Spelling weirdness

posted: 10 Jun 2009

I first saw this a few years ago, but receiving it again today, it still amazes me!

"Only great minds can read this. This is weird, but interesting!

fi yuo cna raed tihs, yuo hvae a sgtrane mnid too

Cna yuo raed tihs? Olny 55 plepoe out of 100 can.

i cdnuolt blveiee taht I cluod aulaclty uesdnatnrd waht I was rdanieg. The phaonmneal pweor of the hmuan mnid, aoccdrnig to a rscheearch at Cmabrigde Uinervtisy, it dseno't mtaetr in waht oerdr the ltteres in a wrod are, the olny iproamtnt tihng is taht the frsit and lsat ltteer be in the rghit pclae. The rset can be a taotl mses and you can sitll raed it whotuit a pboerlm. Tihs is bcuseae the huamn mnid deos not raed ervey lteter by istlef, but the wrod as a wlohe. Azanmig huh? yaeh and I awlyas tghuhot slpeling was ipmorantt!"

Now I don't know if Cambridge University really did do some research, but research or no it's still pretty cool.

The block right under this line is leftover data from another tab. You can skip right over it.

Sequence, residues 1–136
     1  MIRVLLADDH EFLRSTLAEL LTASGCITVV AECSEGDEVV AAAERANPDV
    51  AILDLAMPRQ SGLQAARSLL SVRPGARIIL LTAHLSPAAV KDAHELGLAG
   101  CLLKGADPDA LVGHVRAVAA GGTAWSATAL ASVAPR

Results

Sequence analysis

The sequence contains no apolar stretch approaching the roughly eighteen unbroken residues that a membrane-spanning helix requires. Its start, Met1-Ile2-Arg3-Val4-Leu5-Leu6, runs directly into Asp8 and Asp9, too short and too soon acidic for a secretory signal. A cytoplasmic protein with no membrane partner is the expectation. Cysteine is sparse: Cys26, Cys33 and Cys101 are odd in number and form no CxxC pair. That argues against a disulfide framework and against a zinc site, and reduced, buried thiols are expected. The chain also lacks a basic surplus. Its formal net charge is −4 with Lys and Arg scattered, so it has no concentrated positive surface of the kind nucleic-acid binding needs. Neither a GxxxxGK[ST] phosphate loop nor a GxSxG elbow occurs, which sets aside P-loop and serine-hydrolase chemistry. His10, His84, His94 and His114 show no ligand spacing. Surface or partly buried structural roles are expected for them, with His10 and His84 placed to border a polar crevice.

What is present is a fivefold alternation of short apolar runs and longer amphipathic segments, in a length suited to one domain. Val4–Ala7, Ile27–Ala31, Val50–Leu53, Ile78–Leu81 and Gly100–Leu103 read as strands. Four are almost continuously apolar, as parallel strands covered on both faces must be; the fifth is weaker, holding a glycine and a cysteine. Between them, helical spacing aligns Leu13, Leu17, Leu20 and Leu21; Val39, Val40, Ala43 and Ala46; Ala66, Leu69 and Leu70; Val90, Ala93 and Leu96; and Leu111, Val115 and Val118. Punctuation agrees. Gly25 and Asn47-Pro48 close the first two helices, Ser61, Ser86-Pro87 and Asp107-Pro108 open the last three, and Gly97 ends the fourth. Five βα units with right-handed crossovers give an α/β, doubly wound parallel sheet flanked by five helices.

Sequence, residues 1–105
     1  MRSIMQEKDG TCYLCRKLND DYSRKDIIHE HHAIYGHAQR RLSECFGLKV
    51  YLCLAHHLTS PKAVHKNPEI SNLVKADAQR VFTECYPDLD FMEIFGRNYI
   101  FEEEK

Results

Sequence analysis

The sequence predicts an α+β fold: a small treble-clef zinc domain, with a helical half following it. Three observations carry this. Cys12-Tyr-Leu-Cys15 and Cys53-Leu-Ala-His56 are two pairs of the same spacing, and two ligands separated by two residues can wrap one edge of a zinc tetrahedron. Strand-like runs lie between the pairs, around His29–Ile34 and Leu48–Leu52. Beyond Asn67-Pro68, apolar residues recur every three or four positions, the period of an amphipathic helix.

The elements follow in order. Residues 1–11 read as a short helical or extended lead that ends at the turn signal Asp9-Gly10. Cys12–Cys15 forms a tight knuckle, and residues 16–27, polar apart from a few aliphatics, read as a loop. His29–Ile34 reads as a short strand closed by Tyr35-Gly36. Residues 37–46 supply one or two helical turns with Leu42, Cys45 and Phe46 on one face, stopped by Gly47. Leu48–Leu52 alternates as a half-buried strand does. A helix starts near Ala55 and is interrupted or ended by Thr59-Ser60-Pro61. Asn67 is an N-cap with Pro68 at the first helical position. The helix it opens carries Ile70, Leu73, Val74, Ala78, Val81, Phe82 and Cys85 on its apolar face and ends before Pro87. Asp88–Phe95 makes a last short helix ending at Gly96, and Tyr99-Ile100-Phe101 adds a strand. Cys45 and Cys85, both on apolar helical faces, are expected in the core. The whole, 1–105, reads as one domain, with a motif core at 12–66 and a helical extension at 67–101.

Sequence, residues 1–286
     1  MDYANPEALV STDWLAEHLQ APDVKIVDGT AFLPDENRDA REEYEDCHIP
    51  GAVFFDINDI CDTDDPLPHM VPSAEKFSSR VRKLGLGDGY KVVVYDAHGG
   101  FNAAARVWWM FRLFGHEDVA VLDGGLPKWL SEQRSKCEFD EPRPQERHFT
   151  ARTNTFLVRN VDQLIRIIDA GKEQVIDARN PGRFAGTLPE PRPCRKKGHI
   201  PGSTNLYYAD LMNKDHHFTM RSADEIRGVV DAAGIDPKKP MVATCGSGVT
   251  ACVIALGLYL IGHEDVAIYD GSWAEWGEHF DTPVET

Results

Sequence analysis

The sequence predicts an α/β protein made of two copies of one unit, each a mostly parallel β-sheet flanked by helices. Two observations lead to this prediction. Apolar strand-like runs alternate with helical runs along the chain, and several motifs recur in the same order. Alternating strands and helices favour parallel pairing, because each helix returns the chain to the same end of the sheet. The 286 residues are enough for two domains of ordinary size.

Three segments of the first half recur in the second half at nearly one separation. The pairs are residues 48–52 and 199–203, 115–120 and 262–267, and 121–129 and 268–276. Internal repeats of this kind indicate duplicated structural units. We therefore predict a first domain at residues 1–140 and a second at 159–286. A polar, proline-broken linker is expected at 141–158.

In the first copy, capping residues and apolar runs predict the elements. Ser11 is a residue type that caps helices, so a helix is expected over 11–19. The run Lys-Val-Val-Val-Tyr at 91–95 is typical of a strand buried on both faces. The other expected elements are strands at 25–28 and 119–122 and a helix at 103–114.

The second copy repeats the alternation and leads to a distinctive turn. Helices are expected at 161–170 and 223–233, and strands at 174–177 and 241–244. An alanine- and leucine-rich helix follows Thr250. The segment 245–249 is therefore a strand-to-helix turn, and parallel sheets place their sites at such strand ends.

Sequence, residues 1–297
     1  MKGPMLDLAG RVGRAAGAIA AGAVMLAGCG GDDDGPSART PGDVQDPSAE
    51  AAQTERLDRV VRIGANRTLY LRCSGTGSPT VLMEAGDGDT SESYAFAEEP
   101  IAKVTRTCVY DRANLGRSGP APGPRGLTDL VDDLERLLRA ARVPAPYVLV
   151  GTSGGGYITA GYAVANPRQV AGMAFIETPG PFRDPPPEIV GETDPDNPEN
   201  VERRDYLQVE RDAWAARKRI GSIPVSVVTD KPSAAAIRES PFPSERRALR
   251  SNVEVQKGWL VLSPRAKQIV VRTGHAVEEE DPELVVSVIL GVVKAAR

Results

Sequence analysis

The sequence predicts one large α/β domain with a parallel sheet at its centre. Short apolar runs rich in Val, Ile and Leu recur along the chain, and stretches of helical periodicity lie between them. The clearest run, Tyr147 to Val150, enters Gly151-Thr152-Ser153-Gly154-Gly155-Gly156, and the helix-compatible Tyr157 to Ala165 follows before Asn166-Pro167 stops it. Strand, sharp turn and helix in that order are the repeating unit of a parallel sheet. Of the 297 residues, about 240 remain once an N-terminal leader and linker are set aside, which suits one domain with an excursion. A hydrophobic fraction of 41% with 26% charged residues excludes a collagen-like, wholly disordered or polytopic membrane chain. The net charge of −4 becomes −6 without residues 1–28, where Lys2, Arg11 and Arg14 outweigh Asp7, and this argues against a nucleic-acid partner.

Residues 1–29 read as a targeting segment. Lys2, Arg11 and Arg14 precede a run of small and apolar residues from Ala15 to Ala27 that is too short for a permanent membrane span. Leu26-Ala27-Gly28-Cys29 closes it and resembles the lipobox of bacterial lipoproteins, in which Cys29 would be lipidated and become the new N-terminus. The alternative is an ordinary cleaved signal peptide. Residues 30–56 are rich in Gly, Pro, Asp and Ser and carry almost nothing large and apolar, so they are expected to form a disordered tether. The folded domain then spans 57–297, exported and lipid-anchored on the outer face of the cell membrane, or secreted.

I too saw this many years ago and was impressed, but if you're into words (which I am) you may have looked a little closer and realised that it is a lot more complex than first and last letters, and jumbled inbetween. It is true that when we read we tend to see the word as a whole and not the letters, but to read these jumbled paragraphs it is the context which becomes more important. Some of the longer words, when jumbled, would not be read as fluently if taken out of the paragraph. Try it. They can me worked out (as you would any anagram) but not read as you would read a non-jumbled word. Only when in the context of a meaningful sentence can all of the words be read as fluently as non-jumbled text. It is still pretty cool though.
Posted by: Jonny | Jun 14, 2009

Submit a comment


Not displayed